2+1 Event

Latest Event: The IEEE Communication Theory Technical Committee (CTTC) invites you to the “2+1” online event

 

Title:

OTFS for Next-generation Wireless Communications

Date/Time:

Nov. 13, 2021 17:00 – 20:30 AEDT (GMT + 11)

To attend the event, register at the following link:

https://unsw.zoom.us/j/87975847840

Question Collection Link before the seminar

For anyone who is not convenient to fill the above form, they can send their questions directly to Shuangyang at shuangyang.li@unsw.edu.au.

 

Detailed Agenda (time in AEDT)

17:00-17:05 Welcome Speech
17:05-18:05 Invited Talk I on OTFS by Ronny Hadani
Presentation Slides
18:05-19:05 Invited Talk II on OTFS by Emanuele Viterbo
Presentation Slides
19:05-20:30 Panel Discussions and Questions (Including the ones collected already)

Ronny Hadani received the Ph.D. degree in Pure Mathematics from Tel-Aviv University. His expertise is in representation theory and harmonic analysis, with applications to signal processing. He is the mathematical visionary who, together with CEO Shlomo Rakib, created Cohere’s ground-breaking Orthogonal Time Frequency and Space (OTFS™) wireless modulation scheme and founded the company. He leads Cohere’s research into the capabilities of OTFS and other advanced wireless technologies and how they can enable the next generation of wireless services. In addition to being Cohere’s Chief Scientific Officer, Ronny continues to serve as an associate professor of mathematics at the University of Texas at Austin, a position he held prior to co-founding Cohere.

 

 

Emanuele Viterbo received the Ph.D. degree in electrical engineering from the Politecnico di Torino, Torino, Italy, in 1995. He is currently a Professor with the ECSE Department and the Associate Dean of graduate research with Monash University, Melbourne, Australia. From 1995 to1997, he held a Post-Doctoral position at the Dipartimento di Elettronica, Politecnico di Torino. From 1997 to 1998, he was a Post-Doctoral Research Fellow of the Information Sciences Research Center, AT&T Research, Florham Park, NJ, USA. From 1998 to 2005, he was an Assistant Professor and then Associate Professor with the Dipartimento di Elettronica, Politecnico di Torino. From 2006 to 2009, he was a Full Professor with the DEIS, University of Calabria, Italy. He has been an ISI highly-cited researcher since 2009. His main research interests include in lattice codes for the Gaussian and fading channels, algebraic coding theory, algebraic space-time coding, digital terrestrial television broadcasting, digital magnetic recording, and irregular sampling. He is an Associate Editor of IEEE Transactions on Information Theory. He is also the Guest Editor of IEEE Journal of Selected Topics in Signal Processing with the Special Issue on Managing Complexity in Multiuser MIMO Systems.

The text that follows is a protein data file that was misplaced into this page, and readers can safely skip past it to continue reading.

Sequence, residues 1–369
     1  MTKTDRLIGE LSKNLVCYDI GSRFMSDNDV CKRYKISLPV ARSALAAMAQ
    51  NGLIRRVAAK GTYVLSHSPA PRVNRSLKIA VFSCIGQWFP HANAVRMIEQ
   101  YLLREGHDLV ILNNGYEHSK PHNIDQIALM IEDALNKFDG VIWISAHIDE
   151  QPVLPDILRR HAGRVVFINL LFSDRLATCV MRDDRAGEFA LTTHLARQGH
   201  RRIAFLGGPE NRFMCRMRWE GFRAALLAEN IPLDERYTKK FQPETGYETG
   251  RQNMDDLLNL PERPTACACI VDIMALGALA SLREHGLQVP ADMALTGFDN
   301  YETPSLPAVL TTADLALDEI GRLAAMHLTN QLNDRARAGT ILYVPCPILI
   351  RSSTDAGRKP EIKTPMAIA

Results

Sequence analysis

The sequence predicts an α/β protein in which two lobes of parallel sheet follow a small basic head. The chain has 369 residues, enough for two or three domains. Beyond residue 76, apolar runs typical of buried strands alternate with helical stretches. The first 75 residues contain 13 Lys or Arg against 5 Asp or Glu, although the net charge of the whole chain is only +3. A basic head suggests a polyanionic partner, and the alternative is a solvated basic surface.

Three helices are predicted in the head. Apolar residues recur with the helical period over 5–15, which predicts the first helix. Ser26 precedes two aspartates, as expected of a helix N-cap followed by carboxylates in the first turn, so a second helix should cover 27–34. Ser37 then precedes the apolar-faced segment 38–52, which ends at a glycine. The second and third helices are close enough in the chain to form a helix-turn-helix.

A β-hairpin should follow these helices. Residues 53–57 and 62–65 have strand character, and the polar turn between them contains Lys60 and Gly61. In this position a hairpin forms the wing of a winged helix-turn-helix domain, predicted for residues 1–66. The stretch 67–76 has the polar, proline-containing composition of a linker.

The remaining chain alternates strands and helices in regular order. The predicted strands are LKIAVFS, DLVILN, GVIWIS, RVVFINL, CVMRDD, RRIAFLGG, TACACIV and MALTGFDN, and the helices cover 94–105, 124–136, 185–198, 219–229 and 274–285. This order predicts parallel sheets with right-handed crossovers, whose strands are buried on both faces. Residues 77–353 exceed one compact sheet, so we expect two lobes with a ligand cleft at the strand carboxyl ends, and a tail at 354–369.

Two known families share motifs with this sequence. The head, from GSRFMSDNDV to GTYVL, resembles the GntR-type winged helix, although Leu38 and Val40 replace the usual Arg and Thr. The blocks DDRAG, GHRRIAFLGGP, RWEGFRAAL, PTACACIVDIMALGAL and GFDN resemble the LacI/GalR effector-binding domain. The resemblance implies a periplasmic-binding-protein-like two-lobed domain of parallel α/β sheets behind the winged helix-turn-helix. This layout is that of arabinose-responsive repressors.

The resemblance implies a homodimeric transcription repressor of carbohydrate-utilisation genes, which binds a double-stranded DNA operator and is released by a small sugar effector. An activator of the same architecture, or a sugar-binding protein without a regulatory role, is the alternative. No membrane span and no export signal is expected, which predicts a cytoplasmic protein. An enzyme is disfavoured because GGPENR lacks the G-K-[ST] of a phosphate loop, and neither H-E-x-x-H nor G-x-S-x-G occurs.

Past Events:

 

Title:

Wireless communication with extreme bandwidth: THz and Free-Space Optical

Date/Time:

Wednesday, May 19, 2021 15:00-16:30 CEST

 

Detailed agenda (time in CEST):

15:00-15:05 Introduction (Petar Popovski)
15:05-15:25 “Extreme Bandwidth Communication for 6G Wireless Networks” (Mohamed-Slim Alouini, KAUST, Saudi Arabia)
Presentation Slides
15:25-15:45 “RF/THz Front-End Design Challenges for Mobile 6G Wireless Communication” (Ullrich Pfeiffer, University of Wuppertal, Germany)
15:45-16:30 Panel Discussion and Questions

Mohamed-Slim Alouini was born in Tunis, Tunisia. He received the Ph.D. degree in Electrical Engineering from the Califonia Institute of Technology (Caltech) in 1998. He served as a faculty member at the University of Minnesota then in the Texas A&M University at Qatar before joining in 2009 the King Abdullah University of Science and Technology (KAUST) where he is now a Distinguished Professor of Electrical  and Computer Engineering. Prof. Alouini is a Fellow of the IEEE and of the OSA. He is currently particularly interested in addressing  the technical challenges associated with the uneven distribution, access to, and use of information and communication  technologies in far-flung, rural, low-density populations, low-income, and/or hard-to reach areas.

 

Ullrich Pfeiffer received the Ph.D. degree in physics from the University of Heidelberg, Germany, in 1999. From 2001 to 2006 he was with the IBM T.J. Watson Research Center working on RF circuit design for 60GHz communication systems. In 2007 he received an European Young Investigator Award and moved to the University of Siegen, Germany. Since 2008 he holds the High-frequency and Communication Technology chair at the University of Wuppertal, Germany. Prof. Pfeiffer is an IEEE Fellow. He was the co-recipient of the 2004 and 2006 Lewis Winner Award, and the 2012 and 2018 Jan Van Vessem Award at the IEEE Int. Solid-State Circuit Conference. He was a co-recipient of the 2010 EuMC and the 2017 MTT Microwave Prize. In 2021, he received an ERC Advanced grant. He has authored and co-authored 200+ publications and has been principal inventor and co-inventor of 10+ US and international issued patents related to mmWave/THz communication circuits and sensors.